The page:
Nevertheless, Calvin did not denigrate the writings and work of the past. He, like America’s Founders, was well-schooled in the classics. His view of their worth was in direct contrast to that of the Muslim caliph, Umar, who gained his place in history by destroying the priceless library of Alexandria when his soldiers conquered Egypt. Umar claimed the Qur’an contained everything necessary for one to know. Calvin, on the other hand, gave a good argument for learning from the classics when he declared in his commentary on Titus 1:12:  

From this passage, we may infer that those persons are superstitious who do not venture to borrow anything from heathen authors. All truth is from God; and consequently, if wicked men have said anything that is true and just, we ought not to reject it; for it has come from God. Besides, all things are of God; and therefore, why should it not be lawful to dedicate to his glory everything that can properly be employed for such a purpose?[1]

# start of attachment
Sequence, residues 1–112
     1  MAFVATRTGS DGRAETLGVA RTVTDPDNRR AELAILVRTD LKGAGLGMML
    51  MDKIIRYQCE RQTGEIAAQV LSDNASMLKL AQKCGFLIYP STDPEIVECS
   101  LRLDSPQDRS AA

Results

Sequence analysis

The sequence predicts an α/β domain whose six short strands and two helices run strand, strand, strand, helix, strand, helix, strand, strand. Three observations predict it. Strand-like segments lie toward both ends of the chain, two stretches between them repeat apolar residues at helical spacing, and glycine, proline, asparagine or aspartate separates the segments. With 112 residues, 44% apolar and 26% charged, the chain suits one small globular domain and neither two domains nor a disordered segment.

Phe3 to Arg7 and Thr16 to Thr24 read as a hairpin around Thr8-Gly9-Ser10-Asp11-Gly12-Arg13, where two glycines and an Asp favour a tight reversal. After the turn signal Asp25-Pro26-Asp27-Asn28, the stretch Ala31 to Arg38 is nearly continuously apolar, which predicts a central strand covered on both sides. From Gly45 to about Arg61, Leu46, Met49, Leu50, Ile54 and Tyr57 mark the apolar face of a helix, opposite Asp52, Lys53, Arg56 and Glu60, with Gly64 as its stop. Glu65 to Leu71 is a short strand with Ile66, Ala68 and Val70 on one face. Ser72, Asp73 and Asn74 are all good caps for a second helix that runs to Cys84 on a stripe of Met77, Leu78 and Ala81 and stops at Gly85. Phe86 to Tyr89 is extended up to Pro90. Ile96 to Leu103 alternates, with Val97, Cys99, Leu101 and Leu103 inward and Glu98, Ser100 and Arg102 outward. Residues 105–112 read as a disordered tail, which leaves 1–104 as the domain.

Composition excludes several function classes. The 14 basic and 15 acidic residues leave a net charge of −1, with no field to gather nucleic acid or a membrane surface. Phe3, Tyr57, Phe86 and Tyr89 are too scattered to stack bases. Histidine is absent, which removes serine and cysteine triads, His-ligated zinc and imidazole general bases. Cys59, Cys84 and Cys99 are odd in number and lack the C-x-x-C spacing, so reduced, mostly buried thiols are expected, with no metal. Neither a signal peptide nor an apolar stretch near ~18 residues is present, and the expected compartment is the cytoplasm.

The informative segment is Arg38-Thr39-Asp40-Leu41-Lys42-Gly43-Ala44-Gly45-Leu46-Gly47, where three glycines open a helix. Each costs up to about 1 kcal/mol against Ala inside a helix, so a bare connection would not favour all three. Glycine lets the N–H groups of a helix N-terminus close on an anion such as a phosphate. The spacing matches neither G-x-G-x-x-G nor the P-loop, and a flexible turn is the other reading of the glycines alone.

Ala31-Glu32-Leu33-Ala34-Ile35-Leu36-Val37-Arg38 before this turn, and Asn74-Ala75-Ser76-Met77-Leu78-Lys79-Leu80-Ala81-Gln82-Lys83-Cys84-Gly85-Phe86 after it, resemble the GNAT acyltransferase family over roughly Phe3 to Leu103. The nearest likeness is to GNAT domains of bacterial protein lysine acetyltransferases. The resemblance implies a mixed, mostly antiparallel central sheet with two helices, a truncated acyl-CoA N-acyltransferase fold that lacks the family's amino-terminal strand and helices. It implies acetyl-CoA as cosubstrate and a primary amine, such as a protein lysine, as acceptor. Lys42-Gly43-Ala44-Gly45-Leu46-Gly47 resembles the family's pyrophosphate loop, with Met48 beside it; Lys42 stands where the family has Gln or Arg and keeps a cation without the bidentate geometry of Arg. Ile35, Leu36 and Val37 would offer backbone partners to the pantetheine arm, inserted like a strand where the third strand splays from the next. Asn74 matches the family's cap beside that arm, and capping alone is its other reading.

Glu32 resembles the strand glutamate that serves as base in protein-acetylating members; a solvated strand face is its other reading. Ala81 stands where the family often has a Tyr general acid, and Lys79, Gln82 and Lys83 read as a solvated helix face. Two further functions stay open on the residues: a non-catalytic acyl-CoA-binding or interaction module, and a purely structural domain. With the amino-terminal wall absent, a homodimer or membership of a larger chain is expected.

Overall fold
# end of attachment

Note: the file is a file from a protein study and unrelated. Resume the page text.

Without the schools founded by Calvin, Luther, and the other reformers, the Reformation would have been still-born and could not have spread across Europe, nor could it have taken root in the culture of the day. An educated clergy and leaders in the professions of medicine and law and the arts and sciences took the ideas of Luther and Calvin and the other reformers and planted them in the culture at large.